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A Handbook of Industrial Districts

A Handbook of Industrial Districts

Elgar original reference

Edited by Giacomo Becattini, Marco Bellandi and Lisa De Propis

In this comprehensive original reference work, the editors have brought together an unrivalled group of distinguished scholars and practitioners to comment on the historical and contemporary role of industrial districts (IDs).

Chapter 35: Industrial Districts in Europe

Gioacchino Garofoli

Subjects: economics and finance, industrial economics, regional economics, urban and regional studies, regional economics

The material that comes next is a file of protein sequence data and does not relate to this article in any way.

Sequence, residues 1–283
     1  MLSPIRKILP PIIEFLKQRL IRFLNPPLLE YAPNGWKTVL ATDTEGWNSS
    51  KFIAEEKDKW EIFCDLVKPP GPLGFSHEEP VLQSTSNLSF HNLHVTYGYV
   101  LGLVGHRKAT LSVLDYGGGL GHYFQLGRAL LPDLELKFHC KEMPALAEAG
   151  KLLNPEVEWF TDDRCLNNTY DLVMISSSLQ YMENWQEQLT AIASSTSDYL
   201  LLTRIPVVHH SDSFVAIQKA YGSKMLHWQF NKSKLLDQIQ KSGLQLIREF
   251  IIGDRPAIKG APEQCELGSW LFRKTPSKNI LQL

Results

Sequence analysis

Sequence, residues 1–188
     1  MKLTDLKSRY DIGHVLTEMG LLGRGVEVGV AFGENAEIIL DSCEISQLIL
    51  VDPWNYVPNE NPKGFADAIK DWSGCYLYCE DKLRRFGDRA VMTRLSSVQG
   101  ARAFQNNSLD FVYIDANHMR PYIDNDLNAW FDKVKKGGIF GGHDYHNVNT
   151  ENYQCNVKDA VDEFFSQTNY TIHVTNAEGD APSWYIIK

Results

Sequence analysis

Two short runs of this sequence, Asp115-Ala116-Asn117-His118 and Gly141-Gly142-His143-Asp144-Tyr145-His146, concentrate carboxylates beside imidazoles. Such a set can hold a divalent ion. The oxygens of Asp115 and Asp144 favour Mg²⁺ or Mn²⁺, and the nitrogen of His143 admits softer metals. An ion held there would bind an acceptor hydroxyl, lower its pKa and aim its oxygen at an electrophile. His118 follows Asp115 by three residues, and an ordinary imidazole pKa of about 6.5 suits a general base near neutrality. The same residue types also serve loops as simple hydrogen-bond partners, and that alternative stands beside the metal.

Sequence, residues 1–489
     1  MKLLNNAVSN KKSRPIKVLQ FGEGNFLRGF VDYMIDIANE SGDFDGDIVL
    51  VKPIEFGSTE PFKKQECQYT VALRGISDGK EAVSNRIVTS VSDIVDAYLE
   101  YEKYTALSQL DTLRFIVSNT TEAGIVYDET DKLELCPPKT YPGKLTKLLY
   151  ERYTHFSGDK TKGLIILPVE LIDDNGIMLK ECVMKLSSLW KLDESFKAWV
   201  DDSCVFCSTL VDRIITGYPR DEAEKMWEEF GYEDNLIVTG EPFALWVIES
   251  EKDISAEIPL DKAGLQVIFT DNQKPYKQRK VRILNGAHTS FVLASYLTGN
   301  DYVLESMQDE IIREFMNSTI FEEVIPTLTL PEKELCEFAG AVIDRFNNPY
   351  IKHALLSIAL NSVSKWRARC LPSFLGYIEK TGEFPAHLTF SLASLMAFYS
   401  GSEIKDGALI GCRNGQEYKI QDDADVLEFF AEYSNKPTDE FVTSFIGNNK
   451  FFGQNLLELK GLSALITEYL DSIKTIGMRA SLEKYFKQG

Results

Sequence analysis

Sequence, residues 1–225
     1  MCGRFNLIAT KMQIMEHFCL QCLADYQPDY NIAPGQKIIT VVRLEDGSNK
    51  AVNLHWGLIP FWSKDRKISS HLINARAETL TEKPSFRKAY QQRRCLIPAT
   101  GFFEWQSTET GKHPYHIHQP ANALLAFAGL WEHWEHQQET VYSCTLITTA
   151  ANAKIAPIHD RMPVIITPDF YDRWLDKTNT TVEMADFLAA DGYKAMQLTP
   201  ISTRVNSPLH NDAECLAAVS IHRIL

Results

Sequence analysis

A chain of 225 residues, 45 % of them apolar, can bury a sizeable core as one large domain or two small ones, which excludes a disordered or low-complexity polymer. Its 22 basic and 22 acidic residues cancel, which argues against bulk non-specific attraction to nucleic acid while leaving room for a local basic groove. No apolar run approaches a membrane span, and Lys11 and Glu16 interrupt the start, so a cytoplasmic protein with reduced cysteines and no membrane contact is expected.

Gioacchino Garofoli 1. The presence of IDs in Europe The emergence of industrial districts (IDs) in Italy in the second part of the 1970s and the rediscovery (Becattini 1979) of the alternative industrial organisation model introduced by Alfred Marshall in the late 19th century obliged scholars to reflect on the presence of this model of production organisations in other European countries. Even in an historical perspective, IDs were important in the second part of the 19th century and the beginning of the 20th not only in Great Britain but even (if not especially) in the second comers (see the French and German cases). The progressive disappearance of the ID model in northern European countries in the period between 1920–30 and 1950–60 was linked to the extension of the model of large Fordist firms (Sabel and Zeitlin 1982; Piore and Sabel 1984; Zeitlin 1985); whereas the presence of small-scale production survived in peripheral areas. At the beginning of the publication of ID literature in the late 1970s and beginning of the 1980s, the enthusiasm which moved some Italian scholars in organising field research, visiting firms and discussing with social actors and local public bodies looking for information and evidences, analysing economic informal data and inter-firm links to understand the working mechanism of the industrial production model based on a high density of small firms and flourishing entrepreneurship was regarded as strange by northern European scholars. At the same time Italian scholars looked ahead and outside Italy to understand if...

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